This post is authored by Martin, one of our readers.
Sometimes I encounter data in my tables with blank cells where there is a repeated value from the cell directly above. See below:
This can be annoying when it comes to interpreting the data and when sorting columns.
Here’s the solution I use.
1. Select the whole table. I favor the shortcut Ctrl A to do this. Make sure you perform this shortcut from within the table though as otherwise the entire worksheet with be selected. This gives us Figure 2:
2. Next we will open the Go To dialog box. This is a very useful dialog for selecting certain types of cells, for example cells containing formulas, constant values, visible cells and so on. F5 or Ctrl G both work as keyboard shortcuts.
3. Click the Special button (see Figure 3)
4. In the next screen select Blanks.
5. Click OK and notice that all blank cells are now highlighted in the table (Figure 5). Notice too, the position of the active cell. This is the one un-shaded cell in this selection. In this example it is cell D3. If the table were fully complete this cell would show the same value as the cell above it – cell D2 – the word Office.
6. Next we will use the fact that cell references in Excel by default behave in a relative manner. That means when you copy a formula to another cell, the cell reference in the formula change relative to the location in the worksheet it has been moved to unless they have been made absolute.
7. Without clicking any of the cells in the data, simply enter the following simple formula:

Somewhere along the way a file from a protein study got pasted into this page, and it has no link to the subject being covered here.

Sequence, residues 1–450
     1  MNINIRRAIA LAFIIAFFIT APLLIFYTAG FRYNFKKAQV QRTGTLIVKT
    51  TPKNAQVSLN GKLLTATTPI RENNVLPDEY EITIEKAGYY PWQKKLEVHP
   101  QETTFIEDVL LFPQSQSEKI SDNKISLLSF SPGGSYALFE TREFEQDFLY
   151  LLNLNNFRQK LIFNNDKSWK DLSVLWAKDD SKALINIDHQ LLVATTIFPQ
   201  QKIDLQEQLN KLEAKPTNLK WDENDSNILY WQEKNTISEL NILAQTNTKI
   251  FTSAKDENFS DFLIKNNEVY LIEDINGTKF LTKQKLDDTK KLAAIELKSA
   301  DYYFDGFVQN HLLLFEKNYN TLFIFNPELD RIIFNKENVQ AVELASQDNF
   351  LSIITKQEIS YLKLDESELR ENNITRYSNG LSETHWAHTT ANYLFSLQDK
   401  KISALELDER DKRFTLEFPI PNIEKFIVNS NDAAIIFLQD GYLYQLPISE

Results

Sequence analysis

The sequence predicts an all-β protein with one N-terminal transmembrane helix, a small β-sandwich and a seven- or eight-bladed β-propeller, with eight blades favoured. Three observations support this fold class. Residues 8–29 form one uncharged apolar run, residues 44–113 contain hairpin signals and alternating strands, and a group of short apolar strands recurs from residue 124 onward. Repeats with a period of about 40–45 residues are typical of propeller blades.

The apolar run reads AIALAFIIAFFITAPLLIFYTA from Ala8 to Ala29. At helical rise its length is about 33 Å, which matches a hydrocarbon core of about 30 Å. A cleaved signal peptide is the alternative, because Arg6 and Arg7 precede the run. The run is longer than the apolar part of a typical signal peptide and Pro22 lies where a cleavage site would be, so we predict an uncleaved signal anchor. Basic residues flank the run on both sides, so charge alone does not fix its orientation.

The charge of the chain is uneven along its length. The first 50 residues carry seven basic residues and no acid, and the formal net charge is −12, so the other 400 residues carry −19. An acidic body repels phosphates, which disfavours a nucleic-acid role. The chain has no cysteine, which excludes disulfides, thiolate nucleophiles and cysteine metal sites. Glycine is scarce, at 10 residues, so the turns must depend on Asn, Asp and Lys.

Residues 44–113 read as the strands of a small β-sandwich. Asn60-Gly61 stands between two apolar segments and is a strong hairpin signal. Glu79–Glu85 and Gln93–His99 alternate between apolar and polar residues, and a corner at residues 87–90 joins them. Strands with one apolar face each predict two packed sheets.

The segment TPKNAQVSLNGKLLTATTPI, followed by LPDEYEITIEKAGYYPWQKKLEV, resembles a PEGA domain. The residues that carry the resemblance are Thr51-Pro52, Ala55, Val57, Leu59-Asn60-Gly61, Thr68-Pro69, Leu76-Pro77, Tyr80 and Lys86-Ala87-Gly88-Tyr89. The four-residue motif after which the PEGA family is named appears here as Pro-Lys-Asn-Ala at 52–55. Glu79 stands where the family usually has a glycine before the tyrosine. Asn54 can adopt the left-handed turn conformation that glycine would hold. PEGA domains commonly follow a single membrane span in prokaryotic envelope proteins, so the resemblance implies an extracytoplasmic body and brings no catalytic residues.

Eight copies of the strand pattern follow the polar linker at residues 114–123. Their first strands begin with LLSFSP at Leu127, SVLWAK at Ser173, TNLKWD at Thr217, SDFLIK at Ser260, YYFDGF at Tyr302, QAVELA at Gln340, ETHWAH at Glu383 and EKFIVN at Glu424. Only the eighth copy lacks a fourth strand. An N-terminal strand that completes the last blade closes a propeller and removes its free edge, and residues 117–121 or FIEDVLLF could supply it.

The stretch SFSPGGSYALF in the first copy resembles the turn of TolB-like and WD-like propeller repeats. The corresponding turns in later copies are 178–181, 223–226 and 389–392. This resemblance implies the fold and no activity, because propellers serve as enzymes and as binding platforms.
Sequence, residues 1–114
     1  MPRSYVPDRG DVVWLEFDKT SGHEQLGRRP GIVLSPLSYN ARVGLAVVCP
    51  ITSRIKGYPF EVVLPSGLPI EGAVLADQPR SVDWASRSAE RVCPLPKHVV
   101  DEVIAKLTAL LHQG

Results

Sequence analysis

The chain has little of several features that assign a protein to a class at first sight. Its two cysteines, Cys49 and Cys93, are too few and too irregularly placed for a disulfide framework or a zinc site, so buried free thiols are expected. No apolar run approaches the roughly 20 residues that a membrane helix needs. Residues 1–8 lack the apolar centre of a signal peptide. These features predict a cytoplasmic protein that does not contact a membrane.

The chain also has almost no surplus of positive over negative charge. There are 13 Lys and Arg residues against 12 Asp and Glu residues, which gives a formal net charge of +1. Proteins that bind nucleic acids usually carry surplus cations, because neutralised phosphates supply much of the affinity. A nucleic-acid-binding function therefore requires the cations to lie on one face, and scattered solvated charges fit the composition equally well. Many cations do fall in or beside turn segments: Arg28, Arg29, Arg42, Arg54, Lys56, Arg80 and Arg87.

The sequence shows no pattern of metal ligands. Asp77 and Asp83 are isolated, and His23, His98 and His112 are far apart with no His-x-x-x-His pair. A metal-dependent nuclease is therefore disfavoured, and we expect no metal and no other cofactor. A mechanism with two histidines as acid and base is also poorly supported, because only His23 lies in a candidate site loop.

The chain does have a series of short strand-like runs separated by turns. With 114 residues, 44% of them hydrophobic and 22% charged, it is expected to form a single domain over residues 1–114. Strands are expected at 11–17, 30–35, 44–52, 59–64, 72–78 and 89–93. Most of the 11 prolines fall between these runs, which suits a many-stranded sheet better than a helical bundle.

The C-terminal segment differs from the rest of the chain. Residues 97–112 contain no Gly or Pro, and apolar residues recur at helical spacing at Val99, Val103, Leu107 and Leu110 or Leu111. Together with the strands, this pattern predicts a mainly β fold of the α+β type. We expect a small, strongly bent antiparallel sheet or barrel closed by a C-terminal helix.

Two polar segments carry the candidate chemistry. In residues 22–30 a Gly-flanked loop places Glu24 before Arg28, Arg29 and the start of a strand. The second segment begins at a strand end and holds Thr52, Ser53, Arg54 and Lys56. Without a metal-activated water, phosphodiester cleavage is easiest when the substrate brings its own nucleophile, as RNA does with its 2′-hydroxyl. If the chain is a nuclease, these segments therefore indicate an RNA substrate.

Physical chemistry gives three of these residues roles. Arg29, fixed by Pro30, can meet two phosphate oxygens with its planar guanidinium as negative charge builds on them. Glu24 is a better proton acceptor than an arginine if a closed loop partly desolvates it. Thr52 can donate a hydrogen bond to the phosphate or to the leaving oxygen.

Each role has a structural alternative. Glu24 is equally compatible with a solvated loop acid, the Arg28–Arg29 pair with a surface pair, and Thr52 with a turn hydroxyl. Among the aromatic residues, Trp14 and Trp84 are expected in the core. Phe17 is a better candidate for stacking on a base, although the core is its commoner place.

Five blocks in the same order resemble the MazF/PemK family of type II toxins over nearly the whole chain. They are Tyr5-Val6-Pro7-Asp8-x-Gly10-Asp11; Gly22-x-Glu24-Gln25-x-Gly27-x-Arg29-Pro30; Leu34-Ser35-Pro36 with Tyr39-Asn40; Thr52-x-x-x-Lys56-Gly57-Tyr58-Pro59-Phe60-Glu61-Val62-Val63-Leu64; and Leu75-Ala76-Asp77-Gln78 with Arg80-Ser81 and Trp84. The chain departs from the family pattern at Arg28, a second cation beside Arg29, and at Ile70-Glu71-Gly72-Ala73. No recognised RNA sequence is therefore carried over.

If you are following along here with a different table, then you will substitute the cell reference of the cell directly above your active cell. (Figure 6)
8. Next the important part. We need to copy this simple formula to all the other blank cells which could number in the hundreds or thousands or greater still. How do we do it?
Simply by using one of the best keyboard shortcuts I know in Excel: Ctrl & Enter.
This shortcut when used in a single cell will enter the value inputted into the cell and keep that cell active, instead of performing a carriage return to the next row.
But, when used over a range of cells, Ctrl & Enter together will copy the value of the active cell into all cells in the selection.
In this case, we are not going to copy the value of D2 into all blank cells, but the relative cell that appears over each blank cell. In cell D3’s case this was D2. In A3’s case for example it is A2 and so on.
After CTRL Entering the formula the worksheet now looks like:
9. There is one last important step. These pasted valued are, as we have seen, relative formulas. If I were to change the sort order in one of the columns, for example to identify which Cost in column E is the highest, my table would be completed distorted as the formulas in the changing rows are all retrieving the value in the cell above. See Figure 8.
I’ll Undo my flawed Sort by clicking Ctrl Z.
The final step therefore is to change these formulas into constants so that this type of problem can be avoided.
To do this, select the table, (or if the formula cells remain highlighted, you won’t need to select the table at all).
Now copy your selection with Ctrl C.
Next, perform a Paste Special / Values to replace the formulas with their constant equivalents – Figure 9.
And that’s it!
Thank you Martin
Many thanks to Martin for sharing this simple yet very beautiful trick with all of us. If you enjoyed this article, say thanks to Martin.
How do you deal with Blank Cells
Barking dogs, bad bosses and blank cells are everywhere. I am eager to know how you deal with them. Please share your tips & techniques with us using comments.
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